In 1979 a bear that somehow found its way into Saratoga, in Santa Clara County, was captured and apparently released in the Santa Lucias.
By the 1980s, bear sightings and captures were becoming relatively common in Monterey County. I remember visiting an orphaned cub that had been turned over to the SPCA in the mid ‘80s. That was before they began trying to raise young wild animals with minimal human contact in the hopes of preparing them for a life in the wild. Which means that while it was a remarkable experience for me, it probably helped doom the bear to a life of captivity or set it up for an untimely death, if it was released. Still, there’s no denying that we both had a lot of fun while it lasted.
The cub was intensely playful, inquisitive, energetic and intelligent. I was amazed at how it its paws seemed more than a match for the human hand in terms of dexterity. It liked nothing better than a good water fight and had zero difficulty figuring out how to use the hose. Anytime I sat down it would leap into my lap and nuzzle under my chin, then rush to grab a ball or another toy. On the one hand, it was like any playful young animal, but on the other, there was something about its attitude and energy that was always 100% bear.
It was also in the ‘80s that a small bear turned up at the Monterey Courthouse. It fell out of a tree after being hit with a tranquilizer dart and broke it’s leg, but I think it eventually recovered. Whether it ever made it back to the wild, I don’t know.
So how big is the bear population in Monterey County today? Bear encounters in the Ventana Wilderness are infrequent, suggesting the population remains pretty thin. Yet, in 2003 there was a mass arrest of professional bear poachers who had been operating (and apparently killing hundreds of bears) in places including the mountains of Monterey County – suggesting that at least parts of Monterey County have enough bears to make hunting them worth a poacher’s time.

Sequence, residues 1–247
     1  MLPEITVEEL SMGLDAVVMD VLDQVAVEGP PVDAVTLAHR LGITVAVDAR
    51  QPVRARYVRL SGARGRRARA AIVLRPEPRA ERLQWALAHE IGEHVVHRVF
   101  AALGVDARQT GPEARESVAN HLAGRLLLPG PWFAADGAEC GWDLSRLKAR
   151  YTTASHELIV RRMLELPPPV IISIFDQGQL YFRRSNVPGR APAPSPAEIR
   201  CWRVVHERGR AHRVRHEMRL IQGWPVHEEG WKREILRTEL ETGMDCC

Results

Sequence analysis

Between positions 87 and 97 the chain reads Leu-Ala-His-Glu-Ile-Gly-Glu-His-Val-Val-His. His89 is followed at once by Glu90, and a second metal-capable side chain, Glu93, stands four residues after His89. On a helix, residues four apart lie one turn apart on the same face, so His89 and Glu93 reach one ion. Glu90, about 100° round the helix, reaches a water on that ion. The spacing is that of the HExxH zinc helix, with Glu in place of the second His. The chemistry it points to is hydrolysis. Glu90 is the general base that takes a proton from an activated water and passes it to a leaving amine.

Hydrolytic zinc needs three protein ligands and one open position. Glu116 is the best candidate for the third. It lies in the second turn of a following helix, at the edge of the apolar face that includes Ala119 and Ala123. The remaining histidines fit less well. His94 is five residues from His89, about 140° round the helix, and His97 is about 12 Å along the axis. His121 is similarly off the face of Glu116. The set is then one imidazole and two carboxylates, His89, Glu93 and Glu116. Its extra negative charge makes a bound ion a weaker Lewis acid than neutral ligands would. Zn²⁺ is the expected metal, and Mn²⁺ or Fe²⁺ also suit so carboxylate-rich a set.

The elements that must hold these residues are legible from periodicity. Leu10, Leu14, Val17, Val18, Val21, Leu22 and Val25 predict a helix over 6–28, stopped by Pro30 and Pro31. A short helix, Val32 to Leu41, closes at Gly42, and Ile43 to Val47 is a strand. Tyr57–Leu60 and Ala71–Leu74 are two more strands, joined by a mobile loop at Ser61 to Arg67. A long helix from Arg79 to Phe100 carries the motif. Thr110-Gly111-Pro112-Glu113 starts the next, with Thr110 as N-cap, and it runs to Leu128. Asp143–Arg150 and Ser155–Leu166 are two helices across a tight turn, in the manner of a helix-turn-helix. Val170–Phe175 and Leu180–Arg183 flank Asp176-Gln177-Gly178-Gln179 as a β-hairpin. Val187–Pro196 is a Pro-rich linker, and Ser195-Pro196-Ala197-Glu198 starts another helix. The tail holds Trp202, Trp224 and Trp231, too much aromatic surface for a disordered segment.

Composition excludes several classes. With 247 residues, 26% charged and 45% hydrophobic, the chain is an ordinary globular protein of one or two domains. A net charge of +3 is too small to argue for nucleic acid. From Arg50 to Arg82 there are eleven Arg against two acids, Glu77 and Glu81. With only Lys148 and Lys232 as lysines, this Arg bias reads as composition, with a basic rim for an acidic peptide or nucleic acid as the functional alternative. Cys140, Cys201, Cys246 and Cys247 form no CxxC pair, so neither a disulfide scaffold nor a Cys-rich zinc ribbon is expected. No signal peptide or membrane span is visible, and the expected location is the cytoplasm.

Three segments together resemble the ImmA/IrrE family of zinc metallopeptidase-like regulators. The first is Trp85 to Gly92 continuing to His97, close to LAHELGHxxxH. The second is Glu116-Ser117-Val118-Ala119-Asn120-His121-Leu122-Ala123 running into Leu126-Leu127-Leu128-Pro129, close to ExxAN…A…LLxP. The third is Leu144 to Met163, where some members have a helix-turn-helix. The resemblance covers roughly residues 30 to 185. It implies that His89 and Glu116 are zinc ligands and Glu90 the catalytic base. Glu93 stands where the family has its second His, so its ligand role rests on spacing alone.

While there may be close to 40,000 bears statewide, most live well to our north. Fish & Game estimates that less than 10% of California’s bears, or less than 4,000 bears total, live in the Coast and Transverse Ranges south of San Francisco. Fish & Game, a few years ago, estimated that a remarkably specific 1,067 of these bears live in San Luis Obispo County, but they don’t seem to have tried estimating Monterey County’s share. In any event, there’s no denying that bears are regularly killed by traffic on the Cuesta Grade north of San Luis Obispo.
So the bears are here and, given that there are probably fewer than the Santa Lucia mountains are capable of supporting, it won’t be a surprise if the population slowly increases over time.
This doesn’t have to be a problem for people or bears. Thousands of bears and people live side by side with little problem in other parts of the state. And in spite of the fact that bears mingle with people on a daily basis, it’s been at least 100 years since a wild bear killed anyone in California. Bears wander through populated areas every day. California’s black bears simply do not pose an imminent threat to the people in the neighborhoods they pass through.
The real problem caused by bears is property damage. That hasn’t yet been an issue in Monterey County and by not allowing bears access to human food and garbage, both in the Wilderness and at home, we are the ones who can prevent it from becoming a problem.